Set the world right;
Do what’s best—
      as above, so below.
Keep us alive with three square meals.
Keep us forgiven with you and forgiving others.
Keep us safe from ourselves and the Devil.
You’re in charge!
You can do anything you want!
You’re ablaze in beauty!
      Yes. Yes. Yes.


Here are three more prayers to “Our Father”, directly inspired by the prayer Jesus taught his disciples.



Father in heaven,
in your goodness
you pour out on your people all that they need,
and satisfy those who persist in prayer.
Make us bold in asking,
thankful in receiving,
tireless in seeking,
and joyful in finding,
that we may always proclaim your coming kingdom
and do your will on earth as in heaven.

~ from Revised Common Lectionary Prayers


Our father who dwells in the heavens and on the earth, you are holy.

May heaven be a greater present reality here on earth, and may we choose to join you in making that happen.

Provide us today with the things that you think we need, and may we not take for granted that which you have already provided.

Forgive us when we don’t live as you intend, and may we be ready to forgive others when they don’t live as we intend.

Guide us in your wisdom away from the things that would distort us, and restore the parts in us that are already distorted.

You are goodness, beauty and truth.
May your love always rule. 

~ written by Rebekah Long, sourced from re:worship


Abba, our God, whom the heavens disclose,
may your name be held holy,
your authority come.
May your longing be fulfilled as in heaven,
so on earth.
Give us today the bread of tomorrow,
and cancel our debts
as we have already forgiven our debtors.
Do not draw us in to sinful enticement,
but set us free from the grip of evil;
for authority and power and glory
are yours alone, forever.

~ from the Alternative Service Book (1980), Church of England,
sourced from re:worship.


From the blog
Check the index for more prayers in the “3 Prayers” series, and much more besides.

Come together

Have a seat.  Spotted in Budapest during our Presbytery weekend


For wherever two or three people come together in my name, I am there, right among you!
(Matt 18:20, J.B. Phillips New Testament)

The Presbytery of International Charges of the Church of Scotland gathered in Budapest this past weekend, hosted by the congregation there. I testify that Jesus was with us – in our worship, in our meetings and in the informal gatherings, as we strengthened our bounds and offered one another support and encouragement.

It is my prayer that our respective congregations will benefit too, as we return with wisdom, inspiration and hope for the months and years ahead.

Closing commission

We have sung, we have prayed,
we have worshiped together.
Now we go back out into the world.
We came together to build relationships,
relationships with each other,
and our relationship with Jesus.

We go out as people who are strengthened by our connections,
ready to love and to serve;
ready to carry God’s love to the world.

As you journey through the ups and the downs of the coming week,
let us remember that God,
who has invited us into relationship,
is always with us.

Go with God, as the people of God.
So be it! Amen

~ posted by Rev Gord on worshipofferings.blogspot.com,
sourced from re:worship

Maker of heaven and earth

Hopscotch between heaven and earth (hemel en aarde)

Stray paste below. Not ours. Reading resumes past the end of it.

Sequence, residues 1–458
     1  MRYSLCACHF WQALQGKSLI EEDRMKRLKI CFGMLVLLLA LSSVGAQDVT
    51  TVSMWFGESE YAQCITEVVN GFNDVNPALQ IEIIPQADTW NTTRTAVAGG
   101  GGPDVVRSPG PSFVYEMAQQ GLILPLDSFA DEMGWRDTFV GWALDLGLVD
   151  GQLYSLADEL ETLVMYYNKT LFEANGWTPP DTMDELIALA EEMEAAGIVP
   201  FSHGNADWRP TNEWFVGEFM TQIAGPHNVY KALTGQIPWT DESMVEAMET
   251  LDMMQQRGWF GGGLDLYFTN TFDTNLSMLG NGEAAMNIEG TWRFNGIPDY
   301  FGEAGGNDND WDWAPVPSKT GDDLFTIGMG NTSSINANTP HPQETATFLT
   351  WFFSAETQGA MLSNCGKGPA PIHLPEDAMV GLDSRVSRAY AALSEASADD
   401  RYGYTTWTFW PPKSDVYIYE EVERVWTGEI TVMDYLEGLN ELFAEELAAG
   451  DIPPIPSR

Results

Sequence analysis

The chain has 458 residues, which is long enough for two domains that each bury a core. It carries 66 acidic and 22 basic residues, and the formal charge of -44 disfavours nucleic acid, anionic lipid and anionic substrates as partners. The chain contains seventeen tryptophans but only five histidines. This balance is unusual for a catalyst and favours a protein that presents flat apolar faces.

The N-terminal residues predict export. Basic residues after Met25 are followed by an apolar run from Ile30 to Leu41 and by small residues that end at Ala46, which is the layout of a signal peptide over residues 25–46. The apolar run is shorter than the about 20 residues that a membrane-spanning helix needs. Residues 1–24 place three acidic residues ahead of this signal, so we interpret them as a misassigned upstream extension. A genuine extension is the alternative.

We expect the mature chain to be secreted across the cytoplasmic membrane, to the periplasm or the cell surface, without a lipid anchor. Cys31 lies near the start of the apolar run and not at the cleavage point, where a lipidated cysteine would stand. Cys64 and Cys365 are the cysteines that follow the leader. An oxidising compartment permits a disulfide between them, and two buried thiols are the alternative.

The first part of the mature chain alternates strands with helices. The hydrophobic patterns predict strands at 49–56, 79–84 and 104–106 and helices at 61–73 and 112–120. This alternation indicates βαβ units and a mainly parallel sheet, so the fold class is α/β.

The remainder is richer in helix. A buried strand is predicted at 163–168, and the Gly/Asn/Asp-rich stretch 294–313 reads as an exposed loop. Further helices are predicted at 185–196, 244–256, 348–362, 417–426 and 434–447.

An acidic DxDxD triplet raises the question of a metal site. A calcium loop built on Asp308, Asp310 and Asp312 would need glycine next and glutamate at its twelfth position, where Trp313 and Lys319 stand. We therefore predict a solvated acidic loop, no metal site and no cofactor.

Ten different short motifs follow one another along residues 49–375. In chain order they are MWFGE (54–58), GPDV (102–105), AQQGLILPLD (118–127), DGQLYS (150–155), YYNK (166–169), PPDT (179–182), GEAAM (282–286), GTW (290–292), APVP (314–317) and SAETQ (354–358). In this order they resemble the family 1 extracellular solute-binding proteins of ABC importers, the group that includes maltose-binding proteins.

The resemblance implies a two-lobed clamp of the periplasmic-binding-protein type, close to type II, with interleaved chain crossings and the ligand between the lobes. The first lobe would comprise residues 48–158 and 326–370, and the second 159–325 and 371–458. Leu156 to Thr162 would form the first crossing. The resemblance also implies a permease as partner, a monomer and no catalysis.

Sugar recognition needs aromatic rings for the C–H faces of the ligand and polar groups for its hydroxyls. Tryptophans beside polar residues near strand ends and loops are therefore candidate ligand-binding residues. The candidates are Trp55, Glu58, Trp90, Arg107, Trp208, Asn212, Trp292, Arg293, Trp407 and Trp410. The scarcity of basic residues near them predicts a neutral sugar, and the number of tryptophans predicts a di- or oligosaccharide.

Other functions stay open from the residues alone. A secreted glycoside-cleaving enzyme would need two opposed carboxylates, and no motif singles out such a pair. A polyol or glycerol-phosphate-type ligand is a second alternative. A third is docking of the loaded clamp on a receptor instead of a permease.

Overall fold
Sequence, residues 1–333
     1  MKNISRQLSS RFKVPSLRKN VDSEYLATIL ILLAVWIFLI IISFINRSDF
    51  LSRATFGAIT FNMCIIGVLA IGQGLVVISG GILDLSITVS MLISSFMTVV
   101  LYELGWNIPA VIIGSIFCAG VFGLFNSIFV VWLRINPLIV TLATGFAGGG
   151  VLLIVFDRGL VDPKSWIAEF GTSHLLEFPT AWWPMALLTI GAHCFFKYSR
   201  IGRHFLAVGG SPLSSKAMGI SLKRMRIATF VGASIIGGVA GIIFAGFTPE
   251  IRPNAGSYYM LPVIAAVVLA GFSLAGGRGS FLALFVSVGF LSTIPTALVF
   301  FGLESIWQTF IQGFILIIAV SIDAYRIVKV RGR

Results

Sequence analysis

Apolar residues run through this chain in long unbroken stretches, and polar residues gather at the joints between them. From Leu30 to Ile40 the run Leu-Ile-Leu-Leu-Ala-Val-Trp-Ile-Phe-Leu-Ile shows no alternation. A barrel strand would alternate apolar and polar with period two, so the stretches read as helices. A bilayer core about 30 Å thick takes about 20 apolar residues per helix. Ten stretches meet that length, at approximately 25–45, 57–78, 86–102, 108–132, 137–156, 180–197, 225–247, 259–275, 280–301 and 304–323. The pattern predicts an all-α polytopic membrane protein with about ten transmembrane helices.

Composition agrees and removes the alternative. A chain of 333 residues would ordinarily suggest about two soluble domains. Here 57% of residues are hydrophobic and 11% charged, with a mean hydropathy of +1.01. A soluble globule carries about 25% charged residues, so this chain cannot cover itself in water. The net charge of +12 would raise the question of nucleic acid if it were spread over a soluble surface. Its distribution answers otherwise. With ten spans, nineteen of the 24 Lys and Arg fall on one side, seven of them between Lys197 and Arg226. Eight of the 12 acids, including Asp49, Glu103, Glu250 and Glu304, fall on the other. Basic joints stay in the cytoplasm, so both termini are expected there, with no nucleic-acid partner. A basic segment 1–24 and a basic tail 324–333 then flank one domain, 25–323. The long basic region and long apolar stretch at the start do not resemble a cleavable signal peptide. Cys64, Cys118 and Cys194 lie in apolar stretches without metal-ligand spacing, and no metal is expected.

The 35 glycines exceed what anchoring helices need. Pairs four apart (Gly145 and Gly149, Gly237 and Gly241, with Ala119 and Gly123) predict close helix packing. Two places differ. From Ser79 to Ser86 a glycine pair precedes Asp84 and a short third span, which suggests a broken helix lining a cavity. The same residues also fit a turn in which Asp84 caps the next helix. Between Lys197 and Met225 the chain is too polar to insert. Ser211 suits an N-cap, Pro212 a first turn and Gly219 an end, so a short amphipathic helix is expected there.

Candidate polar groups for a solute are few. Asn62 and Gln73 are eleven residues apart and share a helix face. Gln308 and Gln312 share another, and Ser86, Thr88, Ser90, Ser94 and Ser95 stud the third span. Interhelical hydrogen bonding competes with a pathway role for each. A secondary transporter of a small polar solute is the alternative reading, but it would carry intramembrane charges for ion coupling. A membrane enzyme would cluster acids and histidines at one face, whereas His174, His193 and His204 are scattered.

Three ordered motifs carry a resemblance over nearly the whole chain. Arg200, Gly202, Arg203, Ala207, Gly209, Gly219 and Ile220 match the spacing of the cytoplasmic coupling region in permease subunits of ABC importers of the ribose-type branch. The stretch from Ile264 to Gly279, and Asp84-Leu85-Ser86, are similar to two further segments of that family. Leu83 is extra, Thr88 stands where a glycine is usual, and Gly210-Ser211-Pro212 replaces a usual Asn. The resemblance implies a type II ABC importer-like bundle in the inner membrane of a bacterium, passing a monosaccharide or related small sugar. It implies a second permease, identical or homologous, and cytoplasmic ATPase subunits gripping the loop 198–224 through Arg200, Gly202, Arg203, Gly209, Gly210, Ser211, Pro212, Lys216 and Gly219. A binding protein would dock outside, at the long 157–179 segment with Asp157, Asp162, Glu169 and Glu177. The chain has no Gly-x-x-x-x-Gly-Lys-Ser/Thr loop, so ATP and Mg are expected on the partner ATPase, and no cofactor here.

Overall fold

I lift up my eyes to the mountains –
      where does my help come from?
My help comes from the Lord,
      the Maker of heaven and earth.

(Psalm 121:1-2)
A big thank you to the Scots Kirk Lausanne who summoned me to the mountains last weekend to conduct a workshop on the Psalms: Prayer book, Songbook and God’s Word, with a special focus on Psalm 121.
Wherever you are – whether there are mountains in sight or not – may you experience the Lord’s nearness; know that “the Lord will watch over your coming and going both now and for evermore”. (Psalm 121:8)

Prayer: Thanks Be to the Lord

(inspired by Psalm 121)

For those who have watched over me,
for those that have protected me,
for those that have shielded me,
thanks be to the Lord,
maker of heaven and earth.

For the roof that shades me from the sun,
for the walls that shield me from the storm,
for the bed that warms me in the night,
thanks be to the Lord,
maker of heaven and earth.

To the one who keeps me from evil,
to the one who preserves my life,
to the one who watches over my coming and going,
thanks be to the Lord,
maker of heaven and earth.

~ originally from the Christian Aid website, sourced from re:worship

What we know


We know that in all things God works for the good of those who love him, who have been called according to his purpose. (Romans 8:28)

We know, brothers and sisters loved by God, that he has chosen you. (1 Thessalonians 1:4)

Dear friends, now we are children of God, and what we will be has not yet been made known. But we know that when Christ appears, we shall be like him, for we shall see him as he is. (1 John 3:2)


Intergenerational Call to Worship

(based on Psalm 13)

We’ve come to worship,
to sing and pray and hear God’s Word, because:
God’s love lasts forever!

Even when God seems far away, we know:
God’s love lasts forever!

Even when nothing is going right,
and we’re ready to give up, we know:
God’s love lasts forever!

When people treat us badly, we know:
God’s love lasts forever!

When we’re all alone,
and we feel like no one loves us, we know:
God’s love lasts forever!

Let’s worship God together!

~ Christine Longhurst, re:Worship

We know … we know not …


Your works are wonderful;
I carry this knowledge deep within my soul.
Psalm 139:14, The Voice


Call to Worship

(based on Psalm 126)

Let us begin this day by rejoicing!
The Lord has done such wonderful things for us.
Let us be glad!
The day before us is uncertain.
We know not what we will encounter on our way.
Wherever we go, we go forth as people of the living God,
and we go forth to touch the lives of all with his healing touch.
Let us begin this day with rejoicing!
and return to our homes with gladness!

~ from re:worship

From the blog
Yield as sacrifice
In the school of prayer with Ann Lewin